I don’t think that I’m alone when I say that being in quarantine for the past month has been stressful and lonely, doing many things from home. One of the things that keeps me going is seeing the students I’ve worked with, and gotten to know over the past couple of weeks, months, and in some cases, years. I was happy to see that we’ve all been able to continue right from where we left off, without losing a single day. How is that the case? What was English Teaching like a hundred years ago? Did TEFL Teachers have access to the technological resources that we have today?
TEFL Madrid BLOG
We’ve all had the proverbial night out where we go to our favorite restaurant (or perhaps some place you’ve never been to before), and went to see a movie. It’s certainly pleasant. It’s a night out. People don’t typically venture too deep into the unknown. Guess what? If you’re studying to get your TEFL Certification in Madrid, you’re already there. You’re in a new country. You’re surrounded by something new (which is ironically something old). Of course, you still want the creature comforts of food and entertainment. I say, give yourself the same…only different.
When you’re working with a student, or a group of students for a long period of time, or possibly for a specific purpose, it’s always important to ensure that they have certain skills. Let me give you an example. You’re preparing a student for an all-too-important scholarship interview that will see him or her going to Harvard University, arguably one of the world’s most prestigious and exclusive academic institutions. Hard to believe? They exist. Trust me.
As every TEFL Teacher might know, there are six levels of comprehension in the English language. They range from A1 – C2. A1 is an extremely limited understanding, and C2 is Operational Proficiency, and the student will have no problem producing language. There isn’t a week that passes when I don’t visualize the conundrum that TEFL Teachers face when they actively pursue and practice their Native Language as a career. It’s at the forefront of my mind as an educator.
Our jobs, first, last, and always will be to help learners understand the English language. That will never change. How we do that will certainly undergo a change over time with trial and error and further education, which can be synonymous depending on what happens. One of the things that I want to talk about is the importance of that little thing called customer service. When we meet a student, how we interact with them determines whether or not they feel that they can count on us for our services. Do we ever stop, though?
I’ve been living as an English Teacher in Spain for the better part of five years, and if I’m capable of finding something different around the corner after this long, then I found myself in a country that’s tantamount to a classic film. There’s always something different around the corner, and Semana Santa (Holy Week) is the time of the year when those differences come out in a week of solemn processions, and local traditions.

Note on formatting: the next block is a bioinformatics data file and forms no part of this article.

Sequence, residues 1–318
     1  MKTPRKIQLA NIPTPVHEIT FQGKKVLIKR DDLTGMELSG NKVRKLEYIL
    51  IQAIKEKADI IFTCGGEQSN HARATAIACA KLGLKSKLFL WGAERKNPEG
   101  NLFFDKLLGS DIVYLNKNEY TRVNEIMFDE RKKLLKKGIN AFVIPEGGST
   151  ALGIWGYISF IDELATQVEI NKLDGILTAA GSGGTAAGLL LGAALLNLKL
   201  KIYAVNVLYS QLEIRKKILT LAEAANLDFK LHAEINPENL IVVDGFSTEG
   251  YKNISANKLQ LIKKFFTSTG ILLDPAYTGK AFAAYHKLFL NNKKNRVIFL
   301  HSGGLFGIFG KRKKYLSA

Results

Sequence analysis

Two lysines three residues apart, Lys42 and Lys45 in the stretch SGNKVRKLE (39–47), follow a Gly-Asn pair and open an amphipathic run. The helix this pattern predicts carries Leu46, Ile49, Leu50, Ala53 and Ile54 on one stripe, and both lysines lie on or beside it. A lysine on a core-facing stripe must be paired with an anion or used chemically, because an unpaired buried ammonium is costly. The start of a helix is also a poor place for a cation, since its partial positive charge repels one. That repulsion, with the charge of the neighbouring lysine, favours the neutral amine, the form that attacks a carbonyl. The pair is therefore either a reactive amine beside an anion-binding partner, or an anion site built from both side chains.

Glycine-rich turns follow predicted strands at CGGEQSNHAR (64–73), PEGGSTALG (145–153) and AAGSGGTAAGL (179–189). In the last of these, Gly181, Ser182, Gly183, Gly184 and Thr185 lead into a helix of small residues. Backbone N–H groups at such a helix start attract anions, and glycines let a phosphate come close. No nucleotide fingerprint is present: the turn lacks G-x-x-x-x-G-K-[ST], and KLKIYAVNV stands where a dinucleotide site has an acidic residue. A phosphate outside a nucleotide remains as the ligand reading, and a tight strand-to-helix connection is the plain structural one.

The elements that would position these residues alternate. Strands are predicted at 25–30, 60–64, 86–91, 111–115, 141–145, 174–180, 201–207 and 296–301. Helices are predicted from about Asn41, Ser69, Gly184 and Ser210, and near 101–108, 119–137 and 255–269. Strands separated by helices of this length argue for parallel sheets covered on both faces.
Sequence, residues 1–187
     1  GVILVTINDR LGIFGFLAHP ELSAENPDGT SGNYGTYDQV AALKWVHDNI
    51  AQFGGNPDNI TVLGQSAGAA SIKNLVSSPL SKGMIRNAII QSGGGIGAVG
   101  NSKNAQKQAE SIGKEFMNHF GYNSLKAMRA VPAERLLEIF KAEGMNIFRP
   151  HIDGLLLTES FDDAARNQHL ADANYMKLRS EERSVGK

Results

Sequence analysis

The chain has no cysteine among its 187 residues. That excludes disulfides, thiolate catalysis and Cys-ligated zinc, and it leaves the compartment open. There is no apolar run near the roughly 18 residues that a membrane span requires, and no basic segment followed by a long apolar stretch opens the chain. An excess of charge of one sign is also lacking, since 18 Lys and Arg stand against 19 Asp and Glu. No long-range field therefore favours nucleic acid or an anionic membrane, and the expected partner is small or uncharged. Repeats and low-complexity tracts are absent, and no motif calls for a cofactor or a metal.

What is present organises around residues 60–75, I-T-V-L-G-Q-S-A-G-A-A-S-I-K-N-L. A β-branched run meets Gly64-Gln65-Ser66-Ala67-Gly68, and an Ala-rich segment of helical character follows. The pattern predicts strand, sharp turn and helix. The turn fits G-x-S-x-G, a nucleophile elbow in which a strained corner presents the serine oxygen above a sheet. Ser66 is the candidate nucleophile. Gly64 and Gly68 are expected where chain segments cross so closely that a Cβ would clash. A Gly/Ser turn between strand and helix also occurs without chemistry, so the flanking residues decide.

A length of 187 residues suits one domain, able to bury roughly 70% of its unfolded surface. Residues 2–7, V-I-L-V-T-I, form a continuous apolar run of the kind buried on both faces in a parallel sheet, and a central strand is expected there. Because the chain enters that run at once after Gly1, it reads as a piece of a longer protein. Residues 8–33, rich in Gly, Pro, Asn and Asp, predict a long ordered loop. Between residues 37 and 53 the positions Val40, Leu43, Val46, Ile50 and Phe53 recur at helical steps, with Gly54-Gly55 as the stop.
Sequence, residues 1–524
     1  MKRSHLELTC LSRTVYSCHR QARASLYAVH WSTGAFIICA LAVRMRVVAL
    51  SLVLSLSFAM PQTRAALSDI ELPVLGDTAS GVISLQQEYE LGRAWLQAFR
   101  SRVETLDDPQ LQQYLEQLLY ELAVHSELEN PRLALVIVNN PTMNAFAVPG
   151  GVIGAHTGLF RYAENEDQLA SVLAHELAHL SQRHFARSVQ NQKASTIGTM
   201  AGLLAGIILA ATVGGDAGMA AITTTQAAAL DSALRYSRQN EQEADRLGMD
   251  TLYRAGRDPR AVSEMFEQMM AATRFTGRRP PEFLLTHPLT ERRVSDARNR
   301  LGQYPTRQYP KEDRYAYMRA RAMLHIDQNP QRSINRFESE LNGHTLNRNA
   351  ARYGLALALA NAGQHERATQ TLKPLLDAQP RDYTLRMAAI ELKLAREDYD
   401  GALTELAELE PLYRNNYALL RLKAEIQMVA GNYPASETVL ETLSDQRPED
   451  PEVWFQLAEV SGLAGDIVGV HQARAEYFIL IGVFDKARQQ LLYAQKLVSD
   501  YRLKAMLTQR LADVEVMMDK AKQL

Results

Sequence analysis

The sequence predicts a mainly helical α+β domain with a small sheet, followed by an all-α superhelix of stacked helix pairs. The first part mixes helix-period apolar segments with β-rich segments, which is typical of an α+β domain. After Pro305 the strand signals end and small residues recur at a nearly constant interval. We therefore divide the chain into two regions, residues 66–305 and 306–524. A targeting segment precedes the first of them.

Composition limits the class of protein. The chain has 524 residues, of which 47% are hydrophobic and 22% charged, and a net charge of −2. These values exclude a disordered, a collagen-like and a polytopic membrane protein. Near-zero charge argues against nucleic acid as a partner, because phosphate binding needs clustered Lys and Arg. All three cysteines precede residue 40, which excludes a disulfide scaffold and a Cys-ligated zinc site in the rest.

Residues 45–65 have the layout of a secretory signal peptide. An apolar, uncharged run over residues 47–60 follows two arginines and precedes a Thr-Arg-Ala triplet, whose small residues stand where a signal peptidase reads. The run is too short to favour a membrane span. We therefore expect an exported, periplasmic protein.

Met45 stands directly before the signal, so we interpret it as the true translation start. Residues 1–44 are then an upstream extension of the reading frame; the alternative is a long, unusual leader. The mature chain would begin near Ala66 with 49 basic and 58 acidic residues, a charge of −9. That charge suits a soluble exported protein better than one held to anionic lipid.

I always look forward to waking up in the morning, and seeing students in a classroom. Most people don’t particularly like waking up in the morning, but if it means that I get to do a job that makes me happy, I’m ready to handle any challenge that gets thrown my way. I tried to not pay too much attention to the growing fears of COVID-19 (or the more popular Coronavirus, as we have all come to call it) over the last few months.
For anyone who’s known me long enough, you know that I’ve been working as an English Teacher in Spain for the past four years (and going on five!). It’s been an unbelievable experience, and I’m looking forward to another four years of helping TEFL students achieve their goals in my classroom. When I started learning, and further understanding the mechanics of the English language, I didn’t think that I would be able to handle its complexities. I know that this next sentence is going to sound a little cliché, but it was like being back at University.
Looking beyond the initial stress and excitement of moving to a new country, you are fundamentally looking for a job. We all need to be productive. We all have bills to pay. So, why look for a paid job teaching English in Spain?
I don’t think that there was ever a single day when I couldn’t walk out of my apartment in the middle of the City Centre in Madrid, and not see the hustle and bustle of people living their lives. Cafés, restaurants, those guys who run around the city centre with cheap knock-offs of professional soccer jerseys, the ongoing tale of a city living its best life. I usually wake up early, and go to the gym first thing in the morning. I work out, get home, have breakfast, check my schedule for the day, and then it’s off to the Exam Madrid Academy.
Meet Allen, a TEFL graduate who’s been working in Spain for the past three years. Allen earned a TEFL Certification in Spain, and is now working as an English Teacher in Madrid. TEFL Madrid got in contact with him recently to get the inside scoop on what he has been doing since he made the big step from his days in Canada, how Teaching English in Spain has been treating him, and how work and life is treating him after completing his TEFL Course.
You know that a job is great when it constantly challenges you. Try to imagine that you’re a TEFL Teacher living in Madrid for more than a few years. You have a couple of dedicated, hard-working students, and they are confident in their ability to use the language that you have taught them. Then, you’re given the opportunity to prepare a student for a language exam – something you’ve never done before. You are a qualified, experienced TEFL teacher who now has been tasked with something completely different. You are a fish out of water. You feel like you’re a student again.